Fellowship of Presbyterians Day Two: Non Manufactured Unity
1. Politically charged and divisive denominational statements.
2. Motions and amendments.
3. Definitions of Marriage.
4. Ordination Standards.
5. The Authority of Scripture.
6. Whether Confessions should be ignored/changed.
Instead we worshipped, we fellowshipped, we networked and we got to discuss things like:
3. How to Evaluate the Spiritual Health of our Churches
4. The Centrality of Christ
5. The Need for Holiness in all aspects of life (not just in sexuality)
6. Accountability in Ministry
7. The Vital Role of Confessions in the Church.
The sort of unity that exists here at this Gathering is not the kind that you have to manufacture. It's not the kind that has to have polite statements or well thought out and committee approved prayers to be read in order for everyone to feel somewhat better about the nasty things they have thought and/or said about the people who disagree with them. It's not the sort of unity that exists when people halfheartedly sing a hymn after calling one another names, and making inflammatory remarks on a General Assembly or Presbytery floor.
It's not perfect. It's incomplete. It's not uniform. But it's a glimpse of what can happen when church leaders are united by simply focusing on fulfilling the commission of the Church given to it by Christ.
What I have always felt, but never articulated is that Evangelicals in the Presbyterian church have been all too timid about claiming some very important truths about themselves. Here are some things I've learned:
- Even though statistics prove (Read Robert Putnam's book American Grace if you don't believe me) that Evangelicals are more generous with their time and money in their churches and communities than their progressive counterparts, they have allowed them to control a narrative that declares Evangelicals care very little about this world, and only about the next. Not only is this not true, it needs to be corrected.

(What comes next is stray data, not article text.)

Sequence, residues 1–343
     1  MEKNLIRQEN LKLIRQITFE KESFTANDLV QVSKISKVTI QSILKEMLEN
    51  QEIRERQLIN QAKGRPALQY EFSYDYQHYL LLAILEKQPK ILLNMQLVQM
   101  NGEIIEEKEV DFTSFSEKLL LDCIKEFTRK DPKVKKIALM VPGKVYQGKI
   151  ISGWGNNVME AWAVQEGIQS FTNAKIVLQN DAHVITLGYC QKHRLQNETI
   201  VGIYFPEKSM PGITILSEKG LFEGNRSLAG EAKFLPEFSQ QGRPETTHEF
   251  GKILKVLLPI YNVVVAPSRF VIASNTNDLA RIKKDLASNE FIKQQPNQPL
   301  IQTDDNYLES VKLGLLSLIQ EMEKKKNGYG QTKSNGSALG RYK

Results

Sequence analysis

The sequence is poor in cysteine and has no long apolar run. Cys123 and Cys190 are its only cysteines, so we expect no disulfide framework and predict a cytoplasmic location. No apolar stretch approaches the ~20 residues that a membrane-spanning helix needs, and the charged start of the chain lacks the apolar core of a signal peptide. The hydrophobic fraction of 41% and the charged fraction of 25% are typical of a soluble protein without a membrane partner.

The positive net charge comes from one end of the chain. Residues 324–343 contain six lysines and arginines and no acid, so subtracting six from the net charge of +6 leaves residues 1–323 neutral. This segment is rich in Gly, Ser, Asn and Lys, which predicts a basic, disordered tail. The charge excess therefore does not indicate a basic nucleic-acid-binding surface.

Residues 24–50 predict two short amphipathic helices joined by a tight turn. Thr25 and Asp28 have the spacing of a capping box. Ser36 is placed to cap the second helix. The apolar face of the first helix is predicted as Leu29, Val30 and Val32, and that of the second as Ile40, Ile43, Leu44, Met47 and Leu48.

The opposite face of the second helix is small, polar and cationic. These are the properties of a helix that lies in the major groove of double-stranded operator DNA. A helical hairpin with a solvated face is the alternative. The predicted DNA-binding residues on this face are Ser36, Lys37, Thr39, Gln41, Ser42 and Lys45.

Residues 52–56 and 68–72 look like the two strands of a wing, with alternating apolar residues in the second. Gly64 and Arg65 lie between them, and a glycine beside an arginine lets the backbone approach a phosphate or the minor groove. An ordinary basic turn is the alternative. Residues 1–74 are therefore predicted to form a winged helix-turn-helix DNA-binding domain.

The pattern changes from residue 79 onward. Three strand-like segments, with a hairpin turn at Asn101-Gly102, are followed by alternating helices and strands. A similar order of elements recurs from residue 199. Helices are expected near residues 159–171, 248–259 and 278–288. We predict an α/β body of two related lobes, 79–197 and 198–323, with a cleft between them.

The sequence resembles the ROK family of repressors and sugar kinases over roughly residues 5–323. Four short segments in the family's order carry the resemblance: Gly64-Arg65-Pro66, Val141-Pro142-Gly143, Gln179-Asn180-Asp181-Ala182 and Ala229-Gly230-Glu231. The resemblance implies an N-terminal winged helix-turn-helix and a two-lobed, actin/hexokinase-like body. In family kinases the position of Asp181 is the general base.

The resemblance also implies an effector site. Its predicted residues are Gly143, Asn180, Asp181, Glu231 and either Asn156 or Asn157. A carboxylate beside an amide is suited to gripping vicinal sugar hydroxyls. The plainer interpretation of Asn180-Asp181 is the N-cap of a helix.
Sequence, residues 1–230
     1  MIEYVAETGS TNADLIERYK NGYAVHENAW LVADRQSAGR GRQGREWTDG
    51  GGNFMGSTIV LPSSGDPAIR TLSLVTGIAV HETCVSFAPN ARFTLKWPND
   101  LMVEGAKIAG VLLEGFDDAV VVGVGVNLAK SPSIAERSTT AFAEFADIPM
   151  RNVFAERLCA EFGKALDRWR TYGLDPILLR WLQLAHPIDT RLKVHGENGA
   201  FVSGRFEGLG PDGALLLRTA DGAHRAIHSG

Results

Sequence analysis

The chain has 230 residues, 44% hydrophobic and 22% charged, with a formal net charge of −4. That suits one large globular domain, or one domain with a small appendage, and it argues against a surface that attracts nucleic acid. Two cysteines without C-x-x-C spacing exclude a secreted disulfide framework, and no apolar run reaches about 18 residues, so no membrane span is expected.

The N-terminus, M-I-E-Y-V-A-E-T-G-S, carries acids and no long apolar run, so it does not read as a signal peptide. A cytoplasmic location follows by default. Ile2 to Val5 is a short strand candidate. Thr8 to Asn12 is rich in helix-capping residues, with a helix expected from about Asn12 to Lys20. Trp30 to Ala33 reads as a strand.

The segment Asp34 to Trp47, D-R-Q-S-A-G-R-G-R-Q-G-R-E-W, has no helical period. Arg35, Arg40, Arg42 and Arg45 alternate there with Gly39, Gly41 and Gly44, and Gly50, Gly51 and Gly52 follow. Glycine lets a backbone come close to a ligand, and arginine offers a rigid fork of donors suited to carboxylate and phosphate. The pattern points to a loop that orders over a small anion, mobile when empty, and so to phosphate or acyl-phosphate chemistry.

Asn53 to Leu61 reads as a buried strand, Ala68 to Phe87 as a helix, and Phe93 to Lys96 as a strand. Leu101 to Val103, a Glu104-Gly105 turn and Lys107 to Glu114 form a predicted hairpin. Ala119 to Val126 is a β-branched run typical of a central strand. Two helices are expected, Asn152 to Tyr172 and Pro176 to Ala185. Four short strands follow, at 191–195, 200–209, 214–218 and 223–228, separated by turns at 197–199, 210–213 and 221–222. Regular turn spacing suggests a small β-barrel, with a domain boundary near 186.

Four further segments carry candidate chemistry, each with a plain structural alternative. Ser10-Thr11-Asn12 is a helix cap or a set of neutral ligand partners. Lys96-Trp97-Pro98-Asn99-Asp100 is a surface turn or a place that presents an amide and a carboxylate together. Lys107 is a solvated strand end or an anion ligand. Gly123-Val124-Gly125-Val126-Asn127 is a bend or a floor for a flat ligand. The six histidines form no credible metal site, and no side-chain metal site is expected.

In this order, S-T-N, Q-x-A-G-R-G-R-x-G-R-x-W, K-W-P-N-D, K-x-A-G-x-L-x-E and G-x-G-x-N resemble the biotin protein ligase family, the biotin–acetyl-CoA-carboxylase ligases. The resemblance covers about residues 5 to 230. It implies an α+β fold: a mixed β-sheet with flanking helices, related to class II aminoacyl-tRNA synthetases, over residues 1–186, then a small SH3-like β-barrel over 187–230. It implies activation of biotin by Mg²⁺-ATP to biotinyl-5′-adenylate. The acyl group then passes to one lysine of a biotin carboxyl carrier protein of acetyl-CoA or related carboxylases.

- It's not enough to have right theology, if you haven't any humility.
- Evangelicals need to stop practicing their speeches for the next vote on the next controversial topic, and should lead by example efforts to actually focus on helping to heal the real brokenness that exists in the lives of people both within and without our churches.
- It's time for Evangelicals in the Reformed Tradition to begin preaching and teaching about the generosity of God.
- People need Jesus. Period. End of Story. Christians need to share Jesus not just through our deeds, but our words as well. The Church is uniquely positioned to have an eternal affect on someone's life. It's not just a dispensary for social services. If we don't do what we do in the name of Jesus and with the intent that his name is the name above all names, we might as well change the sign.
- Change, Newness, Transformation----it's all messy. And as Tim Keller taught us, not without suffering. Evangelicals need to shed their addiction to comfort and wade into the messiness of the new thing that God is doing among us.
- The word "Schism" has been thrown by progressives in the PCUSA at Evangelicals who desire to be a part of a denomination that doesn't gather every two years to fight, argue, name-call and grow more deeply divided, and closer to death. We are not living in a culture where leaving one denomination for another denomination is worthy of the monicker "schism." Most of us tell the story of our own religious heritage by including the different denominations we've been a part of over the years.
Unlike many of my brothers and sisters here at the Gathering, I have not been called to leave the PCUSA. After being here at the Gathering, I do have a new sense of what God might be calling me to, however. I want to lead, not leave.
I am not sure what that might look like, exactly but I know that it begins with my own church. I feel that I have even more tools now to help lead my church more ably as we fully engage the world around us in the name of Jesus.
I am excited about what happens next.